but when i only fill the buffers up to like 90%, then flip them setting their limit to that position, when they are then sent to the GPU, only the 90% are sent and the buffer on the GPU is not bigger than the data that could be read, so i would only waste some memory but i would not sent unnecceserry data to the GPU, does it work like that?
and also a buffer is only sent once and each frame afterwards only linked too, right?

Thanks again in advance

Pretty sure: no.

The point of using native buffers is that the RAM is in native memory. JME may use the limit to tell the GPU that there are only 250 elements of vertex data… but I think JME would have to send the whole buffer. And if it didn’t, then you’d be resending the whole buffer to the GPU every time it changed anyway… sort of negating any benefit you are deriving from this approach.

On the other hand, if you are allowing up to 10% overage on every buffer… for every 10 chunks, that’s another whole chunk of data you could have had in view. For a 10x10 flat area, you could have loaded a whole other row of chunks.

makes perfect sence, thanks

i still dont really get the point with potentially having more chunks in view. when the buffer is only resend when it changes and usually is only linked to, how does that have an impact on the amount of chunks in view? or do you mean loaded in memory in general?
for me i dont find the GPU memory to be the bottleneck but the fragment shader instead and according to HWmonitor also the bus interface has a maximum usage of 62% only
and even if a chunk is loaded it is still compressed as long as no blocks changed in this chunk within the last 5 seconds (in memory not on GPU)

on the other hand i recently played around with particle emitters and looked at the buffers usage hints like dynamic, static or streamed and chosing streamed had a high impact on the bus interface (no surprise) so adding it to the game might change the bottleneck to be the bus interface but i guess i will have to see what works best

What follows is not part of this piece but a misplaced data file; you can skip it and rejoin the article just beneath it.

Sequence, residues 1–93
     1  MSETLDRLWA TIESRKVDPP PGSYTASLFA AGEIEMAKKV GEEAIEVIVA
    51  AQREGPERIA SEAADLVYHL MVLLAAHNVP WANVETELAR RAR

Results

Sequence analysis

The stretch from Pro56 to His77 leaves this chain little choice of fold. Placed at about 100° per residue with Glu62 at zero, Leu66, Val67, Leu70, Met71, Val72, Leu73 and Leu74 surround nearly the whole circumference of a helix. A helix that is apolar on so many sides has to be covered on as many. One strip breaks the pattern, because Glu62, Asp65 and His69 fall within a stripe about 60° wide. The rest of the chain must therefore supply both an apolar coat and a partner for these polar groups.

regarding information sent to GPU, are meshes buffers that were sent to GPU already on GPU until they are explicitly destroyed? that is, can i detach them from the scenegraph and attach them again some frames later without having to send them to GPU again?
im wondering since i guess it would usually be better to detach chunks that are not in view but i noticed some hard FPS drops when detaching and re-attaching instead of changing cullhints.
on the other hand that might have been due to some other reasons, i guess its better to do all spatial detaching and attaching at once without any iterations inbetween to not cause the SafeArrayLists to regenerate the array several times per frame and it might be i had it messed up back when i tried last time

and also about the attaching and detaching: does it make sence to attach spatials at the beginning of an update loop because they could be send to GPU already while doing other stuff in the update loop, before finally issuing a draw call for them at the end of the update loop? im afraid it doesnt work like that, but would it be possible in theory?

im sorry my questions tend to get long and many, but i know little about when which data is send to gpu, wheather those are sync or async calls and how to overcome the potential bus interface bottleneck that i read about everywhere which im not actually facing yet

Bounding shapes, transforms, etc. all need to be recalculated all the way up the scene graph. Things that might not have been active before need to be active. So, the data might have still been on the GPU or it might not. Once you detach it then the system is free to decide that the space can be used for other things.

No. Nothing gets sent to the GPU until render.

You are better off limiting the number of thing you attach per frame.

Let’s say you have 100,000,000 bytes of RAM and each chunk takes 90,000 bytes on average… but for a while they took 100,000 bytes. Because your new ones only took 90,000 bytes you kept the old buffers around and reused them. So now you can physically only have 1000 chunks in RAM… but if you right-sized your buffers, you could have 1,111 in RAM.